Field Speed While Baling Hay With the DewPoint Hay Steamer
There are many benefits that come from using steam during baling, but there’s one particular benefit that sometimes gets forgotten – the impact that steam has on your baling speed. Here are some important things to keep in mind when it comes to field speed and the DewPoint steamer.
- Using the DewPoint hay steamer can actually increase field speeds by 15-25% higher than conventional baling. That’s because the crop is softened by the steam which allows not only more crop to be packed into each each flake, but also to pack easier into each flake.
- Conventional bale flake counts of 40 flakes/bale can typically be reduced to around 30-35 flakes/bale when using steam while maintaining excellent bale conformation and higher bale density.
- Steam is more effective when the baler is fed to full or nearly full capacity with the stuffer cycling on every plunger stroke.
- Load settings can be decreased by 5-10% while still achieving higher bale density.
Increasing field speeds will make your operation more efficient while increasing the quality of your hay product.
Feed the Baler to Full Capacity for Better Steam Results
Not only does increasing your field speed make you more efficient, but it will also allow the steam to be more effective. When the hay is coming across the pickup and into the packer chamber at a full capacity rate, the steam is entrapped in the hay more efficiently than if you are baling too slow. Much more steam is lost to the atmosphere when you are not feeding the baler to full or nearly full capacity. Ideally field speed should be as fast as necessary to feed the baler to full or nearly full capacity with the stuffer cycling on every plunger stroke.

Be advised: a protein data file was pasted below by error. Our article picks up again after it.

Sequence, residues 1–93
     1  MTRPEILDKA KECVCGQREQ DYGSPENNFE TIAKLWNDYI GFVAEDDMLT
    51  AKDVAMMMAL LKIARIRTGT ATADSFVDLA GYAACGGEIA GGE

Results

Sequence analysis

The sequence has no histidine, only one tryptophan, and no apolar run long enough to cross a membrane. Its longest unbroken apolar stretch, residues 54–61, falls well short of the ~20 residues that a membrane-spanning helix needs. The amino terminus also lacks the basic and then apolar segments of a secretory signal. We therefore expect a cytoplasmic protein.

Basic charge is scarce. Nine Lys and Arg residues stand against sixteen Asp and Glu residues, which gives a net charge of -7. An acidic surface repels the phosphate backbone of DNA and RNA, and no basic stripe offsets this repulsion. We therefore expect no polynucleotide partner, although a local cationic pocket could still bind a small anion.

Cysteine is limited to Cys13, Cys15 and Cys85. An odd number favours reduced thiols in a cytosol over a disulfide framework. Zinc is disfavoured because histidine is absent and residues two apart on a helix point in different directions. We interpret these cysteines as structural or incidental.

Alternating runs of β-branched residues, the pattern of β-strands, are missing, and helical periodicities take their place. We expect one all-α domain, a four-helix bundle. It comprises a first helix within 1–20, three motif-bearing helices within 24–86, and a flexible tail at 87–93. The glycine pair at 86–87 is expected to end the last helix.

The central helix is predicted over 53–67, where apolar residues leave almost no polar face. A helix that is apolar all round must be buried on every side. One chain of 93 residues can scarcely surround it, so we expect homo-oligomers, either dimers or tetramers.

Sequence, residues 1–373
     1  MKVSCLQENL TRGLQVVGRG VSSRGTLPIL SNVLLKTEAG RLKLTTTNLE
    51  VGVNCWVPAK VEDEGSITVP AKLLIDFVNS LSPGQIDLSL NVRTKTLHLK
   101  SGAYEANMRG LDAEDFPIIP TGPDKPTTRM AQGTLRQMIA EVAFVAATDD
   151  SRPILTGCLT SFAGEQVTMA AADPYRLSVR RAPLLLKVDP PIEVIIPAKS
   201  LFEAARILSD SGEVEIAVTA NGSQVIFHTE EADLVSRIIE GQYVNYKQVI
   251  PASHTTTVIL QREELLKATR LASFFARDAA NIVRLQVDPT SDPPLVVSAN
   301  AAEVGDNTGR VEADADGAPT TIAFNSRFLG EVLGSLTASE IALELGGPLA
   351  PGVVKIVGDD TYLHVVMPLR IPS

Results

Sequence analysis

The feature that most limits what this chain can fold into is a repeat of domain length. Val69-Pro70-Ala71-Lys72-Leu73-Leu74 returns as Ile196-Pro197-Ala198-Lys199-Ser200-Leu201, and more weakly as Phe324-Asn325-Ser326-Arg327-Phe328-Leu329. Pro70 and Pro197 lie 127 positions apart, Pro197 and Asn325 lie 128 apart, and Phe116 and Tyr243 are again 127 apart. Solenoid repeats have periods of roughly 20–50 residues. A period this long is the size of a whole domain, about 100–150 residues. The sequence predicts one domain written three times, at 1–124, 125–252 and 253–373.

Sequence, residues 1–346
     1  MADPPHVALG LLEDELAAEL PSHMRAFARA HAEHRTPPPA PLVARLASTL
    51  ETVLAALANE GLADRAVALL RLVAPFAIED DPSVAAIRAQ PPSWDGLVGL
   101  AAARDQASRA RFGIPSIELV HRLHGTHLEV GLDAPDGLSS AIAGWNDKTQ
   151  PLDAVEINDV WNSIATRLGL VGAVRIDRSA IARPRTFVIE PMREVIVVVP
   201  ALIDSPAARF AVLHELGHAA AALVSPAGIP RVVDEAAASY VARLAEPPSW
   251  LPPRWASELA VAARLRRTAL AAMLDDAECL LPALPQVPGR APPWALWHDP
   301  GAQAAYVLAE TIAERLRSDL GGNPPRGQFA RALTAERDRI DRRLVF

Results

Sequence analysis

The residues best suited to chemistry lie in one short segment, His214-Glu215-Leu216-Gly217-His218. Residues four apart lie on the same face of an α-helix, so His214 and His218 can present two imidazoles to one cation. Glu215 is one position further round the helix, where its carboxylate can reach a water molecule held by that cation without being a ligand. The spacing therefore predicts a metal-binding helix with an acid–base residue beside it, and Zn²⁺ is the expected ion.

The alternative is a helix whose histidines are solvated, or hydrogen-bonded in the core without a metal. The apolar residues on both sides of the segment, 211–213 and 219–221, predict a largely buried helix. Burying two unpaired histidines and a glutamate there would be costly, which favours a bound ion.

We understand that thin crop yields and/or rough field conditions may limit field speed and lower steam efficiency. This underlines the importance of thorough seedbed preparation to provide a firm, smooth, field surface for the entire crop cycle. Proper seedbed preparation pays good dividends over the life of an alfalfa stand by reducing wear and tear on equipment and operators, allowing higher field speeds with higher tons/hour baler capacities, and reducing crop loss associated with rough field surfaces.
Baler Load Settings
We have found that farmers using steam while baling can also lower baler load settings and still achieve a higher bale density. For example, Dave, in the video, is running with a load setting of 255 in the middle of the afternoon and is putting 30-32 flakes per bale. He states, “We’d probably be running about 270 if we were working in natural dew to get the same density in the bales that we are getting here today.”